Talking about redesigning streets isn't a high priority because it's not shiny — it's gritty (and a lot of work!) — with few ribbon-cuttings that don't get into the papers anyway.

And cracking down on reckless driving isn't sexy (nor a big vote-getter, given that more than one million New Yorkers own cars, and shaming them for endangering their neighbors has not traditionally been seen as good politics). But recklessly driving New Yorkers just happen to be the danger that stalks everyone, in every neighborhood, all the time.

Streetsblog has reached out to the candidates during this early part of the campaign and have gotten lackluster canned responses (except from Iscol) and plenty of no comments. For now, we know Wiley from the time she happily tweeted a picture of the parking placard on her dashboard (she declined to talk to us for this piece), and McGuire from his jogging through Times Square in his Spike Lee-narrated introduction to New York (he also declined to call us back).

Nothing is going to change if we elect someone whose view of the city is from 20,000 feet off the ground or from behind a windshield. Nothing is going to change if we elect someone who is not even aware that are roughly than 215,000 car crashes per year in New York City — or roughly 590 per day.

For now, the candidates are offering a macro view of urban government, which is, indeed, crucial if you're trying to get money out of Mitch McConnell, dealing with the Big Dog in Albany or setting general policies. But don't tell me you know how to reform the $1-billion Department of Transportation if you've never sat through a three-hour "visioning session" and heard a Queens car owner put the value of her parking space ahead of a kid's life (and then be told by the DOT rep, "Thanks for that helpful comment!"). Don't tell me you know how to improve road design if you haven't been to a single vigil for a dead kid or delivery worker (as Stringer and Menchaca have ... repeatedly) or, frankly, been close to being that dead kid or delivery worker. Don't tell me you want to reduce car ownership in this city then drive around to every campaign stop rather than taking a subway or bus (like Cynthia Nixon did during her failed run for governor).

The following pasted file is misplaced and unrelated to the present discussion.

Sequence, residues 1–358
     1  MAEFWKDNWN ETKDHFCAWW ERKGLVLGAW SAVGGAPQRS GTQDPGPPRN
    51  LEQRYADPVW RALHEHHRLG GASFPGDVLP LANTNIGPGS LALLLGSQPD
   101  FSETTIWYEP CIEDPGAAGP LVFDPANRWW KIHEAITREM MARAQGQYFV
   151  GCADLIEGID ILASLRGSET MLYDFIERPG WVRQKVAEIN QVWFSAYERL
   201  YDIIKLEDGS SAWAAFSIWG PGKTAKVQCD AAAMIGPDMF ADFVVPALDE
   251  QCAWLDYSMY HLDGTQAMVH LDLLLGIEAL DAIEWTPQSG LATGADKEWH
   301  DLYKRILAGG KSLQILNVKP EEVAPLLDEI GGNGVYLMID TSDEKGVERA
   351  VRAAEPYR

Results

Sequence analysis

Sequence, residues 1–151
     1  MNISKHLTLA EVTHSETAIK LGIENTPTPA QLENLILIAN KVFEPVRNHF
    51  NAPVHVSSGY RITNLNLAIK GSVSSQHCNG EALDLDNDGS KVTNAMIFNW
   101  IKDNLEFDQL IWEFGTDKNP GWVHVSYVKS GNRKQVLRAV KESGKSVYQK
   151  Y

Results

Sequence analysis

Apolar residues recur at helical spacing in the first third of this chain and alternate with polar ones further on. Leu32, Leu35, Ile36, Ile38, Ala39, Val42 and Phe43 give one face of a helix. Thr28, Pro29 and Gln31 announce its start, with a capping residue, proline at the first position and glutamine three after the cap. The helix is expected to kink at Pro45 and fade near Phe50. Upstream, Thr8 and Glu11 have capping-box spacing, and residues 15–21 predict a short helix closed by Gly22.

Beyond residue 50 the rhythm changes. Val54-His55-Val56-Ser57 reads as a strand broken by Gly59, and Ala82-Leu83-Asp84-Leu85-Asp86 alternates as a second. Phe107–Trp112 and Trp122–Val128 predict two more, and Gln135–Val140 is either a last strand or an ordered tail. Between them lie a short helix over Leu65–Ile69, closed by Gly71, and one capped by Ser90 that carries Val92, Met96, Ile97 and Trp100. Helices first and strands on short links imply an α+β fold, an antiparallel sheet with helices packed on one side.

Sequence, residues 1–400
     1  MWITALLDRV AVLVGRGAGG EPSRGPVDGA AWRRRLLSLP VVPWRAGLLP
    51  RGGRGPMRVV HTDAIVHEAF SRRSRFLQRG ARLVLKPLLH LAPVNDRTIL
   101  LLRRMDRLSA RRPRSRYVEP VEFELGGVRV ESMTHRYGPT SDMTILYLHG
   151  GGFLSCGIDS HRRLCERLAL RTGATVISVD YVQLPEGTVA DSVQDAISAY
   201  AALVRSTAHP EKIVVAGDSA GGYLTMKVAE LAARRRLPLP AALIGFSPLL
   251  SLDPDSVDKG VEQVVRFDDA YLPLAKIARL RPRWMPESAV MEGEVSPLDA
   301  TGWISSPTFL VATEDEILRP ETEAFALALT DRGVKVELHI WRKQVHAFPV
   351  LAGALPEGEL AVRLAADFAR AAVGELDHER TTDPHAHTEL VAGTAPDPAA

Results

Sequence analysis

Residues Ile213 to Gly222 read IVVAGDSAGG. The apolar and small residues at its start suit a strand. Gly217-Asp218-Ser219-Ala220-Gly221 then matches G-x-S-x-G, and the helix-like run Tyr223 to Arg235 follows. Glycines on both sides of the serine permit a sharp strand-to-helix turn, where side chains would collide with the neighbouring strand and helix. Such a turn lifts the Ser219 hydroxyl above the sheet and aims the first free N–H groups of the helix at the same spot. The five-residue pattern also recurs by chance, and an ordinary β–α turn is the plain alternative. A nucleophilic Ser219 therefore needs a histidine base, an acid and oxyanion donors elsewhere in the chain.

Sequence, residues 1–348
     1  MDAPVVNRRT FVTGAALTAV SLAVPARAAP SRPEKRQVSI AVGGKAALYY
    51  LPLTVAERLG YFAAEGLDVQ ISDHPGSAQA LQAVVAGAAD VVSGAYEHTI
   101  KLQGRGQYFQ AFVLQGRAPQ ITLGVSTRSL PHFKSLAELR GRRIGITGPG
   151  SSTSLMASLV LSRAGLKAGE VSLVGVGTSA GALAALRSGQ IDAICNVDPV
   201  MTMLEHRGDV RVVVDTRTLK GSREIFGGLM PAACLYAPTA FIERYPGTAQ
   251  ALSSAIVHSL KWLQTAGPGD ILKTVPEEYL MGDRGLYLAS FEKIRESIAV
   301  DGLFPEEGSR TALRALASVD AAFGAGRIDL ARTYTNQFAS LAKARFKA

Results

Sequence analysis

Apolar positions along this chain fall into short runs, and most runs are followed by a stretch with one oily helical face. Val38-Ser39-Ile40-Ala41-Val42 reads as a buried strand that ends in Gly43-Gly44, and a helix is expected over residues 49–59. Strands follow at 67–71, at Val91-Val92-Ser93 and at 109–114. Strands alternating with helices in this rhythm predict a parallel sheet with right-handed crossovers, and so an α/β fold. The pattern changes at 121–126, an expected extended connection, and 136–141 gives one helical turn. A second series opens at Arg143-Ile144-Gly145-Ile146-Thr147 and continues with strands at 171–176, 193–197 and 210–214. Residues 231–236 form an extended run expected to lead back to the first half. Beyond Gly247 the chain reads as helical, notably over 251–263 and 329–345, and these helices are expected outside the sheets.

People who run for high office like to talk about grabbing the horns of this big bull of a city and wrestling the beast to the ground. But that's not how you solve the public health crisis of road violence. You solve it redesigning every street, one at a time. You solve it by getting reckless drivers off the roads with a harm-reduction strategy that focuses on the worst drivers and car-reduction strategies for the rest of us. You solve it by not asking drivers what they'd like to see in their communities, but by building safer streets and redirecting tax money towards transit — and then looking car owners in the eyes and telling them that if they don't like it, they can move to a place where their cars are more welcome.

Otherwise, you're just driving past the problem.

Gersh Kuntzman is the editor of Streetsblog. He writes the Cycle of Rage column when he can contain his ire no longer. Prior columns are archived here.